Philip Seymour Hoffman

February 5, 2014

What was it about the late, great Philip Seymour Hoffman that so touched both Hollywood and the American public? There have been other actors with similar gifts, most recently Heath Ledger, who ended their lives under a cloud. I recall James Dean, Montgomery Clift, and Marilyn Monroe as stars with uncanny connections to the zeitgeist, alas dead at a very young age. Was Hoffman so different from these fine actors?

As an amateur performer myself (mainly in opera and musical theatre) I marvel at any talent so broad and deep. Philip Seymour Hoffman was an actor’s actor, to be sure, because he had the courage to stretch himself beyond what many actors considered advisable in the current film and theatre world. Yet he also walked dangerously close to the edge–of his emotions, his characterizations, his old demons–and paid a heavy price. Many performers are prone to addiction. He was unlucky in falling prey to heroin with no caregivers to intervene.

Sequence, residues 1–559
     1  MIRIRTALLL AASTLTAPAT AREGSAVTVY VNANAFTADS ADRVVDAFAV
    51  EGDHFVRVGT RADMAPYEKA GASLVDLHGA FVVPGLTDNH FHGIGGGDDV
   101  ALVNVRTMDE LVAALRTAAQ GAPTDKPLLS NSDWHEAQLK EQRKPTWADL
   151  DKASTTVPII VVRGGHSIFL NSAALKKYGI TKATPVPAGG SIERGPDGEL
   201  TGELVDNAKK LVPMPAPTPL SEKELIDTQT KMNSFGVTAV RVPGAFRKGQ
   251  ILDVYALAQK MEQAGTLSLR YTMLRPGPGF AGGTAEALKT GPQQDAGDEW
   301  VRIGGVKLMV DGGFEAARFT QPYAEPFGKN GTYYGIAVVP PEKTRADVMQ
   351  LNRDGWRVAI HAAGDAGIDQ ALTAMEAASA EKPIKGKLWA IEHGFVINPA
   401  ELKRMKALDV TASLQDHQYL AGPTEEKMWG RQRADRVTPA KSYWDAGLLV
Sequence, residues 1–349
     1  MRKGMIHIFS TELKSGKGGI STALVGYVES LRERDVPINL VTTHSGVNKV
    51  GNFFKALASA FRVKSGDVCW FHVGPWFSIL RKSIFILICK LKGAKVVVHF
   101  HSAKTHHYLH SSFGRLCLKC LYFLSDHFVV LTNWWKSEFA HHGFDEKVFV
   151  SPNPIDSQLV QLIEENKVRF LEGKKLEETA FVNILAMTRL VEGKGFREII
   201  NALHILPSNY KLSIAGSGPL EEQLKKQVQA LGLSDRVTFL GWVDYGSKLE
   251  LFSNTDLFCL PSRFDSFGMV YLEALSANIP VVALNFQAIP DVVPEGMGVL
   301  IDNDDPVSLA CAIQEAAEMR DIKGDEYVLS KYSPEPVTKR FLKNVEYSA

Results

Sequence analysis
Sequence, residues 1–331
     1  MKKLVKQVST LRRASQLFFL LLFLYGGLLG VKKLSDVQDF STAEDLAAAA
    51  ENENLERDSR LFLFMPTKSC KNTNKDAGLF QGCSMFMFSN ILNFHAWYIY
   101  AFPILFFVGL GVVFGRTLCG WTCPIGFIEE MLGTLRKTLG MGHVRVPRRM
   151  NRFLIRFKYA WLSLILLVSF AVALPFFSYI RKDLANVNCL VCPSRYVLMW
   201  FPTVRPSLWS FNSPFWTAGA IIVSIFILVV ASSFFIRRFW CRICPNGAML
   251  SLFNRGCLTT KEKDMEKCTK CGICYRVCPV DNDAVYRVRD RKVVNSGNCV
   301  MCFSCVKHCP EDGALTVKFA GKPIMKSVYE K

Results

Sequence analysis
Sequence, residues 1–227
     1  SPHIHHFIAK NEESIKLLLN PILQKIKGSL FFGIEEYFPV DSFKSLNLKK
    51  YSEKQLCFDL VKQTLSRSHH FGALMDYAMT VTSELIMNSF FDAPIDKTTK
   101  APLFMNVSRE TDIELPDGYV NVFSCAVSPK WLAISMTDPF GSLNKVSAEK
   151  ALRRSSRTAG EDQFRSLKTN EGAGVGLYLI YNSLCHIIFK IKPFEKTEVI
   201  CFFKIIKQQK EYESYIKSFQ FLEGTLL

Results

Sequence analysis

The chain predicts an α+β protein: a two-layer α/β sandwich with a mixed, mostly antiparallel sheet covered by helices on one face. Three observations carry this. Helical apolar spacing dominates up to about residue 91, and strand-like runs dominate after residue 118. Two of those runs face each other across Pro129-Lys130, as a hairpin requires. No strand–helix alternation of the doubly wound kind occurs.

One of the extraordinary things that set Hoffman apart from even his closest peers–Orson Welles, Marlon Brando, Sean Penn–was his willingness to let all pretense and ego fall away from himself as he dug into a role. An actor is often said to jettison her persona, or basic sense of self, when pursuing a role. Think of Liv Ullman in Ingmar Bergman’s great film and you will grasp how dangerous this can be for anyone without a stable identity.

I have a sense that this late great American actor who cut his life short with drugs, walked too close to a mortal abyss, but in so doing gave us some of the most memorable performances in history.

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